1984 Part 2, Chapter 5 Summary and Analysis
by George Orwell

1984 book cover
Start Your Free Trial

Download 1984 Study Guide

Subscribe Now

Part 2, Chapter 5 Summary and Analysis

At the Ministry of Truth, Syme disappears and Winston recognizes that his acquaintance has been vaporized. Meanwhile, workers at every Ministry are consumed with preparations for Hate Week. Winston works overtime altering news items to be quoted in speeches. London is plagued by sweltering heat, more rocket bombs than ever, and a series of unexplained explosions. The “Hate Song” competes for popularity with the song sung by the prole washerwoman, “It Was Only a Hopeless Fancy,” and a new poster showing a Eurasian soldier pointing a submachine gun now outnumbers posters of Big Brother. The proles are whipped into a patriotic frenzy that leads them to burn the new posters, effigies of Goldstein, and the home of an elderly couple suspected of being foreign spies.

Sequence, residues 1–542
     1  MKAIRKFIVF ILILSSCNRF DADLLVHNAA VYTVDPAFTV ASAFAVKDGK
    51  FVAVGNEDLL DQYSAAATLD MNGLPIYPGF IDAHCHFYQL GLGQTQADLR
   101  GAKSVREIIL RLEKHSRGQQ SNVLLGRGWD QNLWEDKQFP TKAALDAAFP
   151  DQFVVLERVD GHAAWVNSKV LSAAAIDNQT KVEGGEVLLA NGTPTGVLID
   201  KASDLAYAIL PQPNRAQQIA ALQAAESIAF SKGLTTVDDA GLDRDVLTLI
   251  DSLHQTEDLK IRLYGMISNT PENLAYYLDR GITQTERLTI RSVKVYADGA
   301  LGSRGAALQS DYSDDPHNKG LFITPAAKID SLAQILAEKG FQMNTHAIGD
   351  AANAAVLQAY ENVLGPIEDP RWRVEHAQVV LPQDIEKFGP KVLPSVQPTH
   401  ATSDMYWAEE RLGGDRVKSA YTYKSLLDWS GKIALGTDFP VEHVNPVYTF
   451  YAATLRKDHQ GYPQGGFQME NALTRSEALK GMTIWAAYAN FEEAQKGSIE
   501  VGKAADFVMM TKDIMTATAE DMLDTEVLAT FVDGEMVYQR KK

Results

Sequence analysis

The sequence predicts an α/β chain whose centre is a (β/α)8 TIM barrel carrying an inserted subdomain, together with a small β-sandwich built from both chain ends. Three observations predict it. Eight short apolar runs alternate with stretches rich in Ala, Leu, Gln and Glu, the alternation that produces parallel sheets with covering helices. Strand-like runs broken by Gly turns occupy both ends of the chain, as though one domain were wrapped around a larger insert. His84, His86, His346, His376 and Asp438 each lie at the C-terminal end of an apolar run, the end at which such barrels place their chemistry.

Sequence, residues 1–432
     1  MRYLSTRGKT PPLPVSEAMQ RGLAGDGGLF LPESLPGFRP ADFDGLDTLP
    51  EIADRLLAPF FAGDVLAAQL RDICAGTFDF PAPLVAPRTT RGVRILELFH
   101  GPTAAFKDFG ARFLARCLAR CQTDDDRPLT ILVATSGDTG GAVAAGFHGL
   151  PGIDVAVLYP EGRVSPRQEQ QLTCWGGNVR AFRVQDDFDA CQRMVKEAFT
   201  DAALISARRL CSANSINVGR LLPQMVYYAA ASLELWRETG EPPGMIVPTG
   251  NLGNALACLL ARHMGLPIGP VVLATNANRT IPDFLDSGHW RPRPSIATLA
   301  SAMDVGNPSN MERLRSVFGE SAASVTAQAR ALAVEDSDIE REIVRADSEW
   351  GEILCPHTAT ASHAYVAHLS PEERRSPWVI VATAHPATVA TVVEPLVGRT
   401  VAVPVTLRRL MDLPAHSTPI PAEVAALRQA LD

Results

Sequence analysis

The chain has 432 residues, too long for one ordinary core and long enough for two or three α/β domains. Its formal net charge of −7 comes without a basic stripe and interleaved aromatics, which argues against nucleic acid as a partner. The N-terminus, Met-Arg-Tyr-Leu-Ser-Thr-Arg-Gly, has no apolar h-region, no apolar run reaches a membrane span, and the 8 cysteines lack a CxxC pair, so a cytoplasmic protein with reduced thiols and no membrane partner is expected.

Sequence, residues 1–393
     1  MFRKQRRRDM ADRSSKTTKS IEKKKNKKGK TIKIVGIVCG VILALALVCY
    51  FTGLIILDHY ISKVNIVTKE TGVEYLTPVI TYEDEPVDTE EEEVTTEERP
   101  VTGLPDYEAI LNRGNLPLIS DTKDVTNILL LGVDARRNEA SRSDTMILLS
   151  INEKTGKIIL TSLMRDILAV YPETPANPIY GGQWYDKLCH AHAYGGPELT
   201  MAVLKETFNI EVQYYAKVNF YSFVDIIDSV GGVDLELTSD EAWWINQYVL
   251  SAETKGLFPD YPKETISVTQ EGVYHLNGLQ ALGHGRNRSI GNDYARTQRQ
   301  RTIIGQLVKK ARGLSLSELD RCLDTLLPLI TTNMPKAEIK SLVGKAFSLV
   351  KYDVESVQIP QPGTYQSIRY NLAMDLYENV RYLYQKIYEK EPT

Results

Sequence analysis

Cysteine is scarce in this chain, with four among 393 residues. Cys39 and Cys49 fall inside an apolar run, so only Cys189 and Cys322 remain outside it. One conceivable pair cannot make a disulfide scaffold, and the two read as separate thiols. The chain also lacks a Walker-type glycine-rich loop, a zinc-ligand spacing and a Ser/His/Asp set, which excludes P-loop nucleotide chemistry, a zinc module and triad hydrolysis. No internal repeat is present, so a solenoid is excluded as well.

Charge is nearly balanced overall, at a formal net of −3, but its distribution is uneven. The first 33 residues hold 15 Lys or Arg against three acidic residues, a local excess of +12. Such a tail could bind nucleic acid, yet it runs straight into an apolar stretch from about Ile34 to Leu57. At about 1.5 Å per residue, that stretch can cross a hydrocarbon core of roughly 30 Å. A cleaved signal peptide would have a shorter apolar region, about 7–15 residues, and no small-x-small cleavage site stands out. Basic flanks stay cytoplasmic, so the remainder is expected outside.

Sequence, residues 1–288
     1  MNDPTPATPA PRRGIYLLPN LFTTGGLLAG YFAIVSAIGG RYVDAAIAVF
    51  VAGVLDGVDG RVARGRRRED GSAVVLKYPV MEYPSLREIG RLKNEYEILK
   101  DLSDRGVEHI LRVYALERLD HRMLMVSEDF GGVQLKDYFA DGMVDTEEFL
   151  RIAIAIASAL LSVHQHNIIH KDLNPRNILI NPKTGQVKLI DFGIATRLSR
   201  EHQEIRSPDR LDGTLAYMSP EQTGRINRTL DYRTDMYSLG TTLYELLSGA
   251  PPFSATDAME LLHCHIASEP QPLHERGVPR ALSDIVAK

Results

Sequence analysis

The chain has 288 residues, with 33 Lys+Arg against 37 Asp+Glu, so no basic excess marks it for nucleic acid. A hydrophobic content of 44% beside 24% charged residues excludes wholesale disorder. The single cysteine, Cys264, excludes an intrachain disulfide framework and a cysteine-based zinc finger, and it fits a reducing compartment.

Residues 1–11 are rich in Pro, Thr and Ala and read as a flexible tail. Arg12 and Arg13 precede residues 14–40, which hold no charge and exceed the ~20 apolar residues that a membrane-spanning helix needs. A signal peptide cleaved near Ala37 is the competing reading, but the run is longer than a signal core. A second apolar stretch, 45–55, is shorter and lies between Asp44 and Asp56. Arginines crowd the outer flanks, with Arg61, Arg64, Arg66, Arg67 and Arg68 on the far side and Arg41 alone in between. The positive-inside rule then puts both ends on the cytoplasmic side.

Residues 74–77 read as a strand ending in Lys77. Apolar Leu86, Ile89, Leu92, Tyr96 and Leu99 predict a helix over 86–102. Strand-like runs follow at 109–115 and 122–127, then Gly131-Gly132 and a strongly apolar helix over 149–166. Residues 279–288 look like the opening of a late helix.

Winston and Julia continue to meet in the rented room, which Winston thinks of as a paradise in spite of the bugs that infest the bed. He finds that his health is improving: he drinks less gin, gains weight, and finds relief from his chronic cough and varicose ulcer as well as from his former feeling that life was unbearable. The rented room has become its own tiny, inviolable world, and all that matters to Winston is knowing it exists. Winston often stops to talk with the quiet, solitary Mr. Charrington, who, like the room he rents, seems to be a relic of the past. In spite of the fact that they know their secret world cannot last forever, Winston and Julia both feel safe inside the room above the shop. They fantasize about escaping detection their whole lives, somehow managing to get married, committing suicide together, or disappearing from the Party and living as proles, but they have no intention of acting on these daydreams. They also discuss actively rebelling against the Party, but neither knows how. Julia believes that most people secretly hate the Party and trusts Winston’s intuition that O’Brien is on their side, but she doesn’t believe in Goldstein or the Brotherhood, whom she regards as inventions of the Party. She also surprises...

(The entire section is 523 words.)